Goldman Sachs MLP Energy Renaissance Fund “GER” (U.S.: NYSE) The GER fund has lost (74.2%) between September 26, 2014 and March 9, 2016. Newly formed in 2014 with no prior operating history, GER sought to concentrate its investments in the energy sector, including the oil and gas industry. With oil and gas prices now at record lows however, investors in GER and other oil and gas ventures may now be incurring substantial investment losses. If you invested in GER based upon the advice of a broker or investment adviser and you believe such may have been inappropriate for your investment needs or sold to you in a misleading way you may have the right to recover your investment losses. The law firm of Richard A. Nervig, P.C. represents individual investors who have suffered financial losses as a result of investment fraud or misconduct, Ponzi schemes, unsuitable investment recommendations, or abusive securities sales practices. If you have investment losses in GER or any other investment in excess of $100,000 please call my office at (800) 837-0441 for a free consultation.
Wall Street’s Latest Bad Deal for Main Street Investors: Non-Traded Business Development Companies (“BDC’s”) First it was Non-Traded Real Estate Investment Trust (Non Traded REITS) and now comes Non-Traded Business Development Companies (“BDC’s”). Originally created in 1980, BDC’s are touted as high yield products with annual payouts of about 8%, diversified assets and flow through tax treatment. BDC’s seek to generate investor returns by making high interest loans to equally high risk corporate borrowers – the types of borrowers who if subjected to bond rating scrutiny would in most instances be classified as “junk”. As an incentive for brokers and broker dealers to sell these products, some BDC’s charge sales loads of 10%. These sales charges also do not include in some instances an additional 2% charge for offering expenses. Investors in such circumstances are then left with having only 88cents out of every $1 invested actually going towards their investment and further result in investors having to generate a return of 12% just to break even. If you invested in a BDC based upon the advice of a broker or investment adviser and you believe such may have been inappropriate for your investment needs or sold to you in a misleading way you may have the right to recover your investment losses or to rescind your original purchase. For a free consultation regarding your situation please call my office at (800) 837-0441.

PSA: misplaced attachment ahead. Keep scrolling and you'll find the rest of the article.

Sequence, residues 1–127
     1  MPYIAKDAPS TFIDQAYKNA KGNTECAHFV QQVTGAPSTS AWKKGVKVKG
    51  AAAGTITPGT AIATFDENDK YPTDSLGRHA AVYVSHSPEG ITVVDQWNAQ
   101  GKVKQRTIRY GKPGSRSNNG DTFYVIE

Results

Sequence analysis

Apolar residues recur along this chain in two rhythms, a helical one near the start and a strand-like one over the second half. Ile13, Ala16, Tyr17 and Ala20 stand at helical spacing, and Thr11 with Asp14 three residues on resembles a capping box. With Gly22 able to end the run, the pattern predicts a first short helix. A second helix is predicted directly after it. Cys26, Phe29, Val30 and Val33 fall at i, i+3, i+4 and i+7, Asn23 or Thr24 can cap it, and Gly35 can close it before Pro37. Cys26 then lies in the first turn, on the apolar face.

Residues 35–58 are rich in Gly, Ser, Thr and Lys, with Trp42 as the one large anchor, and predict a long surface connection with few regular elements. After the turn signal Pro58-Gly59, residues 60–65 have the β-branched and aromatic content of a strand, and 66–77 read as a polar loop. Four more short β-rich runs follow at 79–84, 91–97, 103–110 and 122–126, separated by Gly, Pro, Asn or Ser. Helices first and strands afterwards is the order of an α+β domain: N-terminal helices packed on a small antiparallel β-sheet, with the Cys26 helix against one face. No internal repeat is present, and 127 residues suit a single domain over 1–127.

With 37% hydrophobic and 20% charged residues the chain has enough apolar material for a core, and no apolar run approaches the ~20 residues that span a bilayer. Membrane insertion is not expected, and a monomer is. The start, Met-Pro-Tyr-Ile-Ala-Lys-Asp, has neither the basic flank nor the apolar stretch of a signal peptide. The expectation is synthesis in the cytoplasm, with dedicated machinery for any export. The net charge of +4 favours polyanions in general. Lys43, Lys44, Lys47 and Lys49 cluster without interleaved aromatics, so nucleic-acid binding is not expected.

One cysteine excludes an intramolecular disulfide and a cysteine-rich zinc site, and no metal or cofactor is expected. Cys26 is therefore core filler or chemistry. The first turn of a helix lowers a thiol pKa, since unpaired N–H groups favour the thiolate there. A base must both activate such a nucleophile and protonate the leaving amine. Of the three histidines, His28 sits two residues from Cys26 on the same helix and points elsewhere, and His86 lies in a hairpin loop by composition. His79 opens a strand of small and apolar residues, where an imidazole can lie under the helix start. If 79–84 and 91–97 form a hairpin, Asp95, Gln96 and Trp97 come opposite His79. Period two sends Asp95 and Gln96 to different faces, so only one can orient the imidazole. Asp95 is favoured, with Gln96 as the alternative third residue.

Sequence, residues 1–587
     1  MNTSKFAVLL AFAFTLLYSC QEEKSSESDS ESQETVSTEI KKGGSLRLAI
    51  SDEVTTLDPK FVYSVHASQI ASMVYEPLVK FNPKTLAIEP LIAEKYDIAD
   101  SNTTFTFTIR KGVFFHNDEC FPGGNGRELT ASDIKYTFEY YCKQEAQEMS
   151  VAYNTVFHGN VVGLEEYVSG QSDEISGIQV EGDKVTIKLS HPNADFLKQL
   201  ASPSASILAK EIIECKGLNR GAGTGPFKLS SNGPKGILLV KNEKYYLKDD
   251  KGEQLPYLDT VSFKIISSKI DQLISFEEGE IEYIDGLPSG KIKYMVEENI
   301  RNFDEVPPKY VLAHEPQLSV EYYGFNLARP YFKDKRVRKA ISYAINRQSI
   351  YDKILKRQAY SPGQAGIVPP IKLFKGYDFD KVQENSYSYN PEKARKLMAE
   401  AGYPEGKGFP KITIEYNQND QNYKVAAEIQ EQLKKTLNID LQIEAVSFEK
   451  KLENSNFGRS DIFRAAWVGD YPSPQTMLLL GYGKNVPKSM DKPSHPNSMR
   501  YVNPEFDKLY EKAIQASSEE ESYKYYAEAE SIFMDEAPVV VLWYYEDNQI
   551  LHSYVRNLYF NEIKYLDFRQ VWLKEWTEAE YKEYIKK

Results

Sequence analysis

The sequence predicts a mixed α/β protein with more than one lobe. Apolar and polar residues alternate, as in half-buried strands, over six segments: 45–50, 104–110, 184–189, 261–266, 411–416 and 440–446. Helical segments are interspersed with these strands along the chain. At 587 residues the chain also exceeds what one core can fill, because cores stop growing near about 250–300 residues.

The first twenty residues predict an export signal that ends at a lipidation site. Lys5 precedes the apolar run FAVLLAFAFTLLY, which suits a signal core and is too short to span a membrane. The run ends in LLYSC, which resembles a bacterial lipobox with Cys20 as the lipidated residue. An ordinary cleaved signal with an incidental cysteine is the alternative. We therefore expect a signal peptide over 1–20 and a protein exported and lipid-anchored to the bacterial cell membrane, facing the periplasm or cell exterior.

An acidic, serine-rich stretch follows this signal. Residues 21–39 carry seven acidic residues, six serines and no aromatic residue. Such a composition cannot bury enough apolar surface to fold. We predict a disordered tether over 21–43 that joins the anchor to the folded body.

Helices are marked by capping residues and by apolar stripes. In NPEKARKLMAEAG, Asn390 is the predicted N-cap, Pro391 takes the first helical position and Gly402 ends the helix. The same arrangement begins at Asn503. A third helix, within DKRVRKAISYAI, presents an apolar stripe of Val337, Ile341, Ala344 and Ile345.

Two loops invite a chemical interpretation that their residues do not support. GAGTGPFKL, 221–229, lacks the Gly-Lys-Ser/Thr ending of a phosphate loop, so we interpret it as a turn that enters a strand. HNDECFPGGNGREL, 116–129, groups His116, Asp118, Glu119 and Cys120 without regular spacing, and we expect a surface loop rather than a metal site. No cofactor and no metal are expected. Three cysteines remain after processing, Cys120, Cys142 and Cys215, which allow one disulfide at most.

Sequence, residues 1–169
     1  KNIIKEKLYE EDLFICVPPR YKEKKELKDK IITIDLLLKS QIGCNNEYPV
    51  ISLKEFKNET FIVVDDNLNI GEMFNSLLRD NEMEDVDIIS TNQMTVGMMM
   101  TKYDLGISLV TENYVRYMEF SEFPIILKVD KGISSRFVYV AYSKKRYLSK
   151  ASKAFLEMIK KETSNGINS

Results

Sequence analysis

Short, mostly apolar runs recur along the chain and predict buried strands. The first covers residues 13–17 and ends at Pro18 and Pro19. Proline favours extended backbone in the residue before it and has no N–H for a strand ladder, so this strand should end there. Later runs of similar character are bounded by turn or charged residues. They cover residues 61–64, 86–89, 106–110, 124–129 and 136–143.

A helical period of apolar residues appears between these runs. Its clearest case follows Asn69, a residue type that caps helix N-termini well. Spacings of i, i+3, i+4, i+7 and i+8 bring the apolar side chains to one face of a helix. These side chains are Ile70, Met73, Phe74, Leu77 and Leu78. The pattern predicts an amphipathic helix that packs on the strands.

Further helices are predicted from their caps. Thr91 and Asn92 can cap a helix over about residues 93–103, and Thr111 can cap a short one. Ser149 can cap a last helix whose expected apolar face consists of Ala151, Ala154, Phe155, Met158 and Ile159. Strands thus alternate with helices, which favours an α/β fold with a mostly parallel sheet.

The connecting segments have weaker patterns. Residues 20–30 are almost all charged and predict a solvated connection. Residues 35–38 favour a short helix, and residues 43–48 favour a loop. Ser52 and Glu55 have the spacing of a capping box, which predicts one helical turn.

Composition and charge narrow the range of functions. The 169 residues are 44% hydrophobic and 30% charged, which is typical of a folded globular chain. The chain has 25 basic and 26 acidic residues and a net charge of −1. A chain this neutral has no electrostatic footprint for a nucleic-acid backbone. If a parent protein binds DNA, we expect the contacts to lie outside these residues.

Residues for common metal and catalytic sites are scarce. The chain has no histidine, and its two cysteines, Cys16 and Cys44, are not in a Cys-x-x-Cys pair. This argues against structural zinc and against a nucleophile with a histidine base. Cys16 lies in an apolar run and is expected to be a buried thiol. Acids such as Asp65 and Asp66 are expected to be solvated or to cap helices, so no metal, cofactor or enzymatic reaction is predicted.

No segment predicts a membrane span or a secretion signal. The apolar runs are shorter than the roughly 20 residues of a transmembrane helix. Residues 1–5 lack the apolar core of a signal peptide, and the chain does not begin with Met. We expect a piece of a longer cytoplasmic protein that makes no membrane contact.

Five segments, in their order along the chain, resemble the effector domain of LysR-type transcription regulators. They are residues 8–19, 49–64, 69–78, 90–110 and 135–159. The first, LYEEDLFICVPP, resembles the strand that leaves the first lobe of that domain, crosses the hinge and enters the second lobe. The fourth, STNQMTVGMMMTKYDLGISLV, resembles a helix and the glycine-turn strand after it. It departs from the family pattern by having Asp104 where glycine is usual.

RIVERSIDE COUNTY SECURITIES BROKER NAMED IN FEDERAL INDICTMENT FOR ALLEGEDLY PARTICIPATING IN STOCK SCHEME INVOLVING SHARES OF VGTEL, INC. Sheik Firdosh Khan a/k/a Abida Khan a registered securities broker affiliated with Ameritas Investment Corp. between May 2002 and December 2013 was named in a federal indictment filed in the U.S. District Court for the Southern District of New York for participating in an investment scheme involving shares of VGTEL, Inc. (“VGTL”) stock. According to the indictment filed January 5, 2016, Khan and others solicited in excess of $10million from investors through false and misleading representations. Victims of the scheme include residents of Riverside County. Shares of other securities also solicited by Defendants in the scheme include Q Lotus Holdings, Inc., Haddad-Wylie Industries, LLC and Cassidy Ventures, Inc. In addition to the indictment, Khan has also on behalf of a company called Ashira Consulting, LLC filed a FINRA arbitration claim in September 2015 against COR Clearing, LLC, Christopher Cervino and Rafael Santiago seeking to recover total losses related to the VGTL scheme of $495,000. FINRA Arb.#15-02385. And in a further related matter, Ms Khan entered into a Letter of Acceptance Waiver and Consent (AWC) with the Financial Industry Regulatory Authority (FINRA) for among other things engaging in private securities transactions and making untrue statements. See, In re: Sheik F. Abida Khan, FINRA AWC# 2015045211101 (Nov. 2015). ANYONE WHO HAS DONE BUSINESS WITH KHAN IS URGED TO CONTACT THE LAW FIRM OF RICHARD A. NERVIG, P.C. FOR A FREE CONSULTATION.800-837-0441